Long before Twilight (2008) or even Buffy the Vampire Slayer (1992/97) the anime industry was adept at spinning fantastical allegories about high school life. Working within a tradition that goes back at least forty years, Beyond the Boundary taps the universal teenage anxiety of feeling uncomfortable in one's own skin. Both Mirai and Akihito long for a normality that is beyond their grasp. Stripped of their roles as slayer and monster, she is a studious girl burdened with the weight of expectation while he is a boy struggling with the strange metamorphosis of his body. Normality seems beyond both their grasp yet they feel normal around each other. Which, for all the criticisms leveled at the series, seems a wholly believable rationale for the central romance. The plot contrives multiple reasons to keep the young would-be lovers apart. Our hero and heroine take turns dying and returning from the void in a relationship cycle that, in its uniquely Japanese way, proves both melodramatic and understated.

Dreamy blonde Akihito and pink-haired bespectacled Mirai are characters that are undeniably tailored to appeal to the otaku crowd. Yet they emerge as relatively faceted and more importantly engaging. The comedy moments are overly cute including Akihito's fetish for girls with glasses, the absurd depiction of his mother as an ageless demon-horned sexpot in a halter top and micro-mini, and the inevitable scene with the female characters in swimsuits. It is aimed at teenagers after all. However the gravity-defying action sequences are animated with spectacular fluidity and the graphic splatter effects and offbeat creature designs prove quite striking. The plot takes the concept of monsters as fears made flesh in an interesting direction. Japanese culture tends to encourage introspection. This is something that starts in high school where students are urged to pinpoint their character flaws, anxieties and perceived personal failings as a means of developing a well-adjusted, more productive member of society. In Beyond the Boundary the world-threatening Dreamshade are portrayed as the physical manifestation of all the suspicion, fear and hatred society at large has thrown at Akihito who must ultimately confront his own anxieties. So while not especially groundbreaking the story is more nuanced than its detractors maintain. Plus only the truly stone-hearted would not be moved by the penultimate scene. A post-credits teaser sets up the sequel: Beyond the Boundary: I'll Be Here - The Future (2015).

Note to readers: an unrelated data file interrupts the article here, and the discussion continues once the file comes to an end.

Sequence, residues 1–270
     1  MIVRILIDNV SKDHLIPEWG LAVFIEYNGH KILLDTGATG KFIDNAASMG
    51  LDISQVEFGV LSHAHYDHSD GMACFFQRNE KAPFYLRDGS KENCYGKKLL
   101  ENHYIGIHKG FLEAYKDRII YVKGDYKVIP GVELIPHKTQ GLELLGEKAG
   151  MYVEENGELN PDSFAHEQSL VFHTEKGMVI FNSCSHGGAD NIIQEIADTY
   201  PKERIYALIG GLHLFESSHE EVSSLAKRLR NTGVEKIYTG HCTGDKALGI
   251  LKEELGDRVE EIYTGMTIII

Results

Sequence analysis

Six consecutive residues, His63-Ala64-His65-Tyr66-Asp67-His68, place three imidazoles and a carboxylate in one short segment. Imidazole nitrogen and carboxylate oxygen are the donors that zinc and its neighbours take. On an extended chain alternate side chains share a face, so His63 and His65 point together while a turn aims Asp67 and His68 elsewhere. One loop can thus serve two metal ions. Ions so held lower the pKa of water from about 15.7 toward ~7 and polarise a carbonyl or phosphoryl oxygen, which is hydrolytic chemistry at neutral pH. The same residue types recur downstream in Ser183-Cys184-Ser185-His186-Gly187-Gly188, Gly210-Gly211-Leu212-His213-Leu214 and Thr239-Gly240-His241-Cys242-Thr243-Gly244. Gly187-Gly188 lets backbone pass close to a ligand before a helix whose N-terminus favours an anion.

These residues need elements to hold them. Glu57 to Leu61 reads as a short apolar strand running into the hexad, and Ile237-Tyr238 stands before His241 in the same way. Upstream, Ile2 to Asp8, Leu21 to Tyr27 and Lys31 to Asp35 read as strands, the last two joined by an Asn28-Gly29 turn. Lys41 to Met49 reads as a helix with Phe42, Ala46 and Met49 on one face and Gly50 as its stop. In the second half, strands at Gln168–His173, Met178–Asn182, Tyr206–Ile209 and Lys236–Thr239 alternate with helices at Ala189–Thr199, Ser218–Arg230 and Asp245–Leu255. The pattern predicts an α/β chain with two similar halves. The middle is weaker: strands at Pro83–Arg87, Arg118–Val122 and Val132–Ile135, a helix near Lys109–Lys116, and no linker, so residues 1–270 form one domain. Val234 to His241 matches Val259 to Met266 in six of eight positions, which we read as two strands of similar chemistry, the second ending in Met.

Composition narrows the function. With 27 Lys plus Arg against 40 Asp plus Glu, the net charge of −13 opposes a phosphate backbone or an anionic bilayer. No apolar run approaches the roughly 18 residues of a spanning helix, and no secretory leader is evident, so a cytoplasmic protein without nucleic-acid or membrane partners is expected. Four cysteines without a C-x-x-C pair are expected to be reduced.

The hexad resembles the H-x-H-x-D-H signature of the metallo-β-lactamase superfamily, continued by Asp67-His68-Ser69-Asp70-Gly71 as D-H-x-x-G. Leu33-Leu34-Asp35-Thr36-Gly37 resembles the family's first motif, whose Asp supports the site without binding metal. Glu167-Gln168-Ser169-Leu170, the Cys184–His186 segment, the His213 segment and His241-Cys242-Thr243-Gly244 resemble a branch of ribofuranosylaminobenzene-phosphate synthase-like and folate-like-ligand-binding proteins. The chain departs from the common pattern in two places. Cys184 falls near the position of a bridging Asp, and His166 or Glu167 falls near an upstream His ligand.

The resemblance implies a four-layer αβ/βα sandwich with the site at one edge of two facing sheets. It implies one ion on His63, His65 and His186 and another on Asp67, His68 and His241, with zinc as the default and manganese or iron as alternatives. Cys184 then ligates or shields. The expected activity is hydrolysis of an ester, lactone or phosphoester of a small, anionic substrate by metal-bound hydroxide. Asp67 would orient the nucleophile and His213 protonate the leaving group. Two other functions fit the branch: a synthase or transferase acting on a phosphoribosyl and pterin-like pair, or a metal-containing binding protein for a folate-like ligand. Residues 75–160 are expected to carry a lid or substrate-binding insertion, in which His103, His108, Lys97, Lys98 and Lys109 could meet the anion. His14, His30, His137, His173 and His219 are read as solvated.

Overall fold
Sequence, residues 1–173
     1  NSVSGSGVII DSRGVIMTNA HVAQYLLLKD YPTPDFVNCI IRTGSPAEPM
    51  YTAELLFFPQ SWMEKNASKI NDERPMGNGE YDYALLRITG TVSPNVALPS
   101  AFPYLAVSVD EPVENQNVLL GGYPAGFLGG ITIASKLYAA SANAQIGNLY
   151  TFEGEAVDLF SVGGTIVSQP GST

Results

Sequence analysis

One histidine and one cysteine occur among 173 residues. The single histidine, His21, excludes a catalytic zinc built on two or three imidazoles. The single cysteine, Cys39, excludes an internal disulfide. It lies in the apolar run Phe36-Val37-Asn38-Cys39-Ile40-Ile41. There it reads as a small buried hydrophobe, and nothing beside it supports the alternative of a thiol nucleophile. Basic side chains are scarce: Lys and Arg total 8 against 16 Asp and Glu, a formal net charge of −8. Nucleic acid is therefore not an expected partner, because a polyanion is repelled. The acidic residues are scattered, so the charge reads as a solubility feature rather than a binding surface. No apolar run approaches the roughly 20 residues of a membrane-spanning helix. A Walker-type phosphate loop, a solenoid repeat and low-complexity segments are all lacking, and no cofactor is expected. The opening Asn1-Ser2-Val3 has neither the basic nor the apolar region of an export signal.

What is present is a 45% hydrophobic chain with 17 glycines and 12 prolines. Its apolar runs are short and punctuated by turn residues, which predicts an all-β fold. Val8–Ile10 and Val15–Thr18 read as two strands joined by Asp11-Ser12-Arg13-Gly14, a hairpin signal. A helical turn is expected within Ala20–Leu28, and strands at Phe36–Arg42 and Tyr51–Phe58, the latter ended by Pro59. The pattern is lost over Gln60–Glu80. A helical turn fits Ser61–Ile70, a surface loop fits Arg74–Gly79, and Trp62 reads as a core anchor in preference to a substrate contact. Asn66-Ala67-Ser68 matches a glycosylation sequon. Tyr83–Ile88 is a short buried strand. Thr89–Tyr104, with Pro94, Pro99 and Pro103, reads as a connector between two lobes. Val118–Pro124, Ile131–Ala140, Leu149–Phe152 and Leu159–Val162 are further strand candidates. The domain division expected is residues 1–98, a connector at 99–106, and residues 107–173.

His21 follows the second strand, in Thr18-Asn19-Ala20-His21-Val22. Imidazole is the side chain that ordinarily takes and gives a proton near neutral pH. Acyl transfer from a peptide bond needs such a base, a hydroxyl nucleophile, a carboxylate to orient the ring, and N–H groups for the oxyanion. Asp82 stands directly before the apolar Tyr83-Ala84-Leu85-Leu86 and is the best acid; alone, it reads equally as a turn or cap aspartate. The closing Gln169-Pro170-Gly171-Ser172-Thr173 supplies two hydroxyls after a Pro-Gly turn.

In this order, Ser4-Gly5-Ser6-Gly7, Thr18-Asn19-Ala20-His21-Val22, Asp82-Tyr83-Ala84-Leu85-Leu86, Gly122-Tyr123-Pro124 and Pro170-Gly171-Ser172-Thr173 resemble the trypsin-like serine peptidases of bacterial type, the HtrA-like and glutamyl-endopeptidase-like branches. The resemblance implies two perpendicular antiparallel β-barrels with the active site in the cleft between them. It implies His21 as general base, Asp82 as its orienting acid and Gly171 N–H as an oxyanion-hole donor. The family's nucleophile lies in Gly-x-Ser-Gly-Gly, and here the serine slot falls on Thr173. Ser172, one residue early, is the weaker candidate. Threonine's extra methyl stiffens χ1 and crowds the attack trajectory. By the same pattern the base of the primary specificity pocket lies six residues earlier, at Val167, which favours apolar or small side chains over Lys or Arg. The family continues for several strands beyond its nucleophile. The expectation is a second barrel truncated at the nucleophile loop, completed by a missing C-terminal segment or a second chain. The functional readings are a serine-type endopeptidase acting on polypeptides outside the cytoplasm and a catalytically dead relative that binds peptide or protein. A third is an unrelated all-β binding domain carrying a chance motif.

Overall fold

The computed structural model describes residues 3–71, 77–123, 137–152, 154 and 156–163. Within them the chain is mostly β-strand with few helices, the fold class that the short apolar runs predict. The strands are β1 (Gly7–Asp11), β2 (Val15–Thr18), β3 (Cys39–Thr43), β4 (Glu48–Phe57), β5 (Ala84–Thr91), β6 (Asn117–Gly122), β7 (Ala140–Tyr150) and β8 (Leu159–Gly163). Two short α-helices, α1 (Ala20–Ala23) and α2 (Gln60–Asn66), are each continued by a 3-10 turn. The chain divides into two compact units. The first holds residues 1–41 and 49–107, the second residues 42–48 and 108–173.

Reviewer: Andrew Pragasam

 

This review has been viewed 182 time(s).

As a member you could Rate this film

 
Review Comments (0)


Untitled 1

Login
  Username:
 
  Password:
 
   
 
Forgotten your details? Enter email address in Username box and click Reminder. Your details will be emailed to you.
   

Latest Poll
Which film has the best theme song?
Spectre
The Ups and Downs of a Handyman
   
 
   

Recent Visitors
Graeme Clark
  Robert Segedy
Darren Jones
  Asma Amal
  Chris Lawrence
Enoch Sneed
George White
Stately Wayne Manor
   

 

Last Updated: